We have found that perception depends on the simultaneous, cooperative activity of millions of neurons spread throughout expanses of the cortex. Such global activity can be identified, measured and explained only if one adopts a macroscopic view alongside the microscopic one. There is an analogy to this approach in music. To grasp the beauty in a choral piece, it is not enough to listen to the individual singers sequentially. One must hear the performers together, as they modulate their voices and timing in response to one another.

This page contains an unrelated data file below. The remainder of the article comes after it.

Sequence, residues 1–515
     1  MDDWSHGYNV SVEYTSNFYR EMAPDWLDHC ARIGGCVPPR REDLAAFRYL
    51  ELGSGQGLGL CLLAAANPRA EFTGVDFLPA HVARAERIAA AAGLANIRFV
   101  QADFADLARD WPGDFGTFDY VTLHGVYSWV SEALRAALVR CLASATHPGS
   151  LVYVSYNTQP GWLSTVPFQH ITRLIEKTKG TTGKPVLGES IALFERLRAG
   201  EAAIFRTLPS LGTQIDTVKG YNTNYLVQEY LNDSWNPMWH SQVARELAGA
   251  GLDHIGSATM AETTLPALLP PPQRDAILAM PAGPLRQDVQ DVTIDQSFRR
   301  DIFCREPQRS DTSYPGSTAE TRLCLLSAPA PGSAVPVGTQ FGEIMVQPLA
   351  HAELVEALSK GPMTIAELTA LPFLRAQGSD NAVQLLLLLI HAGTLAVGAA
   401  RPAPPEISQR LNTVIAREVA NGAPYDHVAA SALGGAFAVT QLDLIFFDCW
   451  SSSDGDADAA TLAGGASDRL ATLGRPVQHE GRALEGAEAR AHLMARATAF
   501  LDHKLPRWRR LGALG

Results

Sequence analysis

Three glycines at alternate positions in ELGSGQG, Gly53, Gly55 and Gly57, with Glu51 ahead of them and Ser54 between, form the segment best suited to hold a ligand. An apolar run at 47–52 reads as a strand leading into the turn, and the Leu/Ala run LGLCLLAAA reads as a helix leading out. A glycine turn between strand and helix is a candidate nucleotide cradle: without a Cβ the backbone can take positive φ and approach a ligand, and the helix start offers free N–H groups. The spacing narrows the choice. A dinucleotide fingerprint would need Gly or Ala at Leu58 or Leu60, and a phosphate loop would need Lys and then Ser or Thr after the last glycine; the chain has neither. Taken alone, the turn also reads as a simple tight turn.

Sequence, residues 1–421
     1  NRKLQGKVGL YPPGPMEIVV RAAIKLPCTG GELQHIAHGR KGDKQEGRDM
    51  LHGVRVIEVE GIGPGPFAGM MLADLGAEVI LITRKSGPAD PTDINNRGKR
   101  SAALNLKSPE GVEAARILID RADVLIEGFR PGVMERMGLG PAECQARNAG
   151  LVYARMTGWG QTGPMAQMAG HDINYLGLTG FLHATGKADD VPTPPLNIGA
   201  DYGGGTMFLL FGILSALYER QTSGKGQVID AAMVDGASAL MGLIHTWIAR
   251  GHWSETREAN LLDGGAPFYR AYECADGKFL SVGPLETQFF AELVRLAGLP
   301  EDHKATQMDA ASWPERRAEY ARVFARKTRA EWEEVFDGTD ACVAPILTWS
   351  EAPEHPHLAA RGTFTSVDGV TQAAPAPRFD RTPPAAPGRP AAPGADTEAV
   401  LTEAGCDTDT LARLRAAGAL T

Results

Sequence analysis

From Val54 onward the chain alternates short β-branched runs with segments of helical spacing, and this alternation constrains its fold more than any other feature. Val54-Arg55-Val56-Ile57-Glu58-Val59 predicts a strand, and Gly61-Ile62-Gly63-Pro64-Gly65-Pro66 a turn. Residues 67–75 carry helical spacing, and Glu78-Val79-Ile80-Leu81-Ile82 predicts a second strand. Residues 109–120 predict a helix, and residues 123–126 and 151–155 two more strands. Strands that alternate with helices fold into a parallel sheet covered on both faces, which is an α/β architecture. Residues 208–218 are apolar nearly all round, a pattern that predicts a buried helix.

Our studies have led us as well to the discovery in the brain of chaos - complex behavior that seems random but actually has some hidden order. The chaos is evident in the tendency of vast collections of neurons to shift abruptly and simultaneously from one complex activity pattern to another in response to the smallest of inputs. This changeability is a prime characteristic of many chaotic systems. It is not harmful in the brain. In fact, we propose it is the very property that makes perception possible. We also speculate that chaos underlies the ability of the brain to respond flexibly to the outside world and to generate novel activity patterns, including those that are experienced as fresh ideas.

The Physiology of Perception, by Walter Freeman: Scientific American, February 1991 Vol. 264, No. 2, pp.34-41